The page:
• Kylie Grayden, 17, of Shorewood, Minnesota, glanced at her iPod while driving with her cousin and a friend, both 17. When she veered off the road and flipped her car into a ditch, she and her friend were killed.
• Heading home from practice, Jonathan Chapman, a 16-year-old high school basketball player from La Plata, Maryland, was reportedly speeding when his car rammed an SUV. He and three friends, ages 14 to 16, were killed.
• Five days after graduating from high school, Bailey Goodman, 17, of Fairport, New York, and four classmates were on their way to her family’s cottage. Moments after text messages were exchanged on Bailey’s cell phone, she slammed into an oncoming truck. All five teens were killed.
The numbers aren’t budging. Fatalities did drop from the mid-’70s through the early ’90s, mainly because of tougher seat belt and drunk driving laws. But since then, the statistics have remained stubbornly high, despite improved safety features in cars.
Some of this is due to teens themselves. “Anytime you have immaturity combined with inexperience, you have the potential for disaster,” says Nicole Nason, head of the National Highway Traffic Safety Administration. “And that’s what you get with a 16-year-old behind the wheel.”
But that’s not the whole story. Speed, distraction, and driver inexperience cause most crashes-and those things can be controlled. “These deaths should not be considered an inevitable part of the teen experience,” says Justin McNaull, director of state relations for AAA. “We can change this.” Here are three steps that will prevent crashes and save countless lives — of teens and others on the road.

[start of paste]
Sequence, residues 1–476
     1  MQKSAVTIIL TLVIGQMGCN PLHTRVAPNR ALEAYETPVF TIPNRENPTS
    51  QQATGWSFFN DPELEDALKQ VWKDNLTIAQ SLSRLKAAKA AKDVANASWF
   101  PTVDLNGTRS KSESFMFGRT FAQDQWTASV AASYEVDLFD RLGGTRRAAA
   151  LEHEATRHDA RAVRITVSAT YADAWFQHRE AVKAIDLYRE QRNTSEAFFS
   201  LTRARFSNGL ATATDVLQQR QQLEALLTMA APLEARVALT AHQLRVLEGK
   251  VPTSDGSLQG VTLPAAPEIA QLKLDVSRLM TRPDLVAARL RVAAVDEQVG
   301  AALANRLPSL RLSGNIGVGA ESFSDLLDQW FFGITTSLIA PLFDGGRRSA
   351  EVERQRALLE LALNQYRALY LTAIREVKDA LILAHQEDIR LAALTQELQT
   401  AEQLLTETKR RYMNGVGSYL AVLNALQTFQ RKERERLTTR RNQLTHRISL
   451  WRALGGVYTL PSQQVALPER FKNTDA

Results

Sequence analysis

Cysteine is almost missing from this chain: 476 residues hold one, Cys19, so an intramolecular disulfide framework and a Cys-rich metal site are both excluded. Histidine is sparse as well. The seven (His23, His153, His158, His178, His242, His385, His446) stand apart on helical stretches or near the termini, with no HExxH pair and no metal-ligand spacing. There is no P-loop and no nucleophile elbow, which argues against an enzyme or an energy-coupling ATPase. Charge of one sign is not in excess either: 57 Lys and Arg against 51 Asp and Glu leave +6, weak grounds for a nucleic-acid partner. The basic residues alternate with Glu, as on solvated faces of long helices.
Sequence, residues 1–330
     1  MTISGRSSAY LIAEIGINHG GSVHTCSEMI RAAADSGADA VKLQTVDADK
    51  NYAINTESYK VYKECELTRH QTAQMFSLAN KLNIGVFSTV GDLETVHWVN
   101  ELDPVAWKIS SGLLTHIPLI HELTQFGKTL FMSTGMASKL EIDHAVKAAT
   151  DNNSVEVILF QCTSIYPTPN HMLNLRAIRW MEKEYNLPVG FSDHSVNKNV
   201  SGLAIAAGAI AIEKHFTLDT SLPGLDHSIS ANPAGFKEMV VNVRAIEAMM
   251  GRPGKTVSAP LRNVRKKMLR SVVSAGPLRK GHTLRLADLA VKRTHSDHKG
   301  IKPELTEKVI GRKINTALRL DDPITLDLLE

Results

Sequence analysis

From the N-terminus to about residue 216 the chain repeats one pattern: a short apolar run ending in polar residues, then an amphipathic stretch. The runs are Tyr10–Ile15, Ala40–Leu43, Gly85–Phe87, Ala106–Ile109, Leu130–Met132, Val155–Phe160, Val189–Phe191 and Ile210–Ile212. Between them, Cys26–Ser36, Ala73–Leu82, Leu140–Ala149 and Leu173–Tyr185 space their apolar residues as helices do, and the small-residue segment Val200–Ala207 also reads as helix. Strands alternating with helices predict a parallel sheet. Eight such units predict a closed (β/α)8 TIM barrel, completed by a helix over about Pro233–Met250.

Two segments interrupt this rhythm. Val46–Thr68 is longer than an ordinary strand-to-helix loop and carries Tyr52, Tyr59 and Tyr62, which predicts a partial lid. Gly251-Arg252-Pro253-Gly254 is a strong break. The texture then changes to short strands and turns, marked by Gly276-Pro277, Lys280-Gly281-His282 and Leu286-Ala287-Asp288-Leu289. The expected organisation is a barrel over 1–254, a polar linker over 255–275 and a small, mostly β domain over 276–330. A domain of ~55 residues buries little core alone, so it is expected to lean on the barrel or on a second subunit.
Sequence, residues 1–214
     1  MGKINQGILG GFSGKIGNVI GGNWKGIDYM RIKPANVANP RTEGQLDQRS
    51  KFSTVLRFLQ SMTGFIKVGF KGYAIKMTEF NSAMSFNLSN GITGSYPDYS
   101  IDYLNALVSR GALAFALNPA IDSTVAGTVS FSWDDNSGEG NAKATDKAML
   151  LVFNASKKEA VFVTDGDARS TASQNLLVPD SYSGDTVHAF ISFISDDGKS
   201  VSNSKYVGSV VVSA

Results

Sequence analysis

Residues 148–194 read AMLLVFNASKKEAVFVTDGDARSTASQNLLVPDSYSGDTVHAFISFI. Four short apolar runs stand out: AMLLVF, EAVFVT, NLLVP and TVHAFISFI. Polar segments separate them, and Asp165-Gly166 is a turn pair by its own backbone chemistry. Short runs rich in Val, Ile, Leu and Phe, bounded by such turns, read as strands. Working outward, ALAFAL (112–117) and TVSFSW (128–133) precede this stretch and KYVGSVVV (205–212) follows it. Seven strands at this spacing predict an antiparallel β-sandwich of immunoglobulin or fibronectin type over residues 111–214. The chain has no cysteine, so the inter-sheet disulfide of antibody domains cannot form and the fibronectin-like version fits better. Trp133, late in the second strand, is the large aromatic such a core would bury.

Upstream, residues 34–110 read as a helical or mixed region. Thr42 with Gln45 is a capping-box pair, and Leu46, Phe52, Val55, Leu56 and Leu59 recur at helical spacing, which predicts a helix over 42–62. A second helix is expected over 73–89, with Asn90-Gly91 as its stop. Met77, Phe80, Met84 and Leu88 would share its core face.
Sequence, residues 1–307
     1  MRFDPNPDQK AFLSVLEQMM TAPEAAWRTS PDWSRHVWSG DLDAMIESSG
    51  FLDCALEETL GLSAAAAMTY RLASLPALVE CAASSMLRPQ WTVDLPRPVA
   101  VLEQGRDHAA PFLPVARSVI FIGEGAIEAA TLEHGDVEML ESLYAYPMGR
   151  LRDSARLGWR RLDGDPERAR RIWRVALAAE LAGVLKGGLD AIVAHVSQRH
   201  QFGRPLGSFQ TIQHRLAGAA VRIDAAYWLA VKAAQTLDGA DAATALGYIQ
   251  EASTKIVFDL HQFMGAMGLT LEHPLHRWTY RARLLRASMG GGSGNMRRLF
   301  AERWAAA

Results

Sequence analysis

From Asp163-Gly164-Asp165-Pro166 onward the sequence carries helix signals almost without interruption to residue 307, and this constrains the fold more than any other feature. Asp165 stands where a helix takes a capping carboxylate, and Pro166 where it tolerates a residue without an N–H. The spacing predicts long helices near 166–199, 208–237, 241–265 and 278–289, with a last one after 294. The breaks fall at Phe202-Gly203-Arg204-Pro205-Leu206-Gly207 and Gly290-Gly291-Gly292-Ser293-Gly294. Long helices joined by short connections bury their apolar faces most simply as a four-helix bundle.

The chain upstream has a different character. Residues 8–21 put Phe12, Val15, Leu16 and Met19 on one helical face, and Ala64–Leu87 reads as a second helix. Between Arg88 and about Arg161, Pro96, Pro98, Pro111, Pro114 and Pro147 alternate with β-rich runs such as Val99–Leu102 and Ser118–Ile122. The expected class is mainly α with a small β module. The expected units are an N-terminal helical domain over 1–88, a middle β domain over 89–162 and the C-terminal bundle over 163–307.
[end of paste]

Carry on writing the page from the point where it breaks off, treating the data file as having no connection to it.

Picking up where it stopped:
Some people like to travel by train because it combines the slowness of a car with the cramped public exposure of an airplane.
I think my pilot was a little inexperienced. We were sitting on the runway, and he said, “OK, folks, we’re gonna be taking off in a just few—whoa! Here we go.”
“I can’t wait until your vacation is over.” —Everyone following you on Instagram
A man knocked on my door and asked for a donation toward the local swimming pool. So I gave him a glass of water.
Comedian Greg Davies
Just found the worst page in the entire dictionary. What I saw was disgraceful, disgusting, dishonest, and disingenuous.
Client: We need you to log in to the YouTube and make all our company videos viral.
My cat just walked up to the paper shredder and said, “Teach me everything you know.”
“Just because you can’t dance doesn’t mean you shouldn’t dance.” —Alcohol
@yoyoha (Josh Hara)
My parents didn’t want to move to Florida, but they turned 60 and that’s the law.
Q: What do you call an Amish guy with his hand in a horse’s mouth?
A: A mechanic.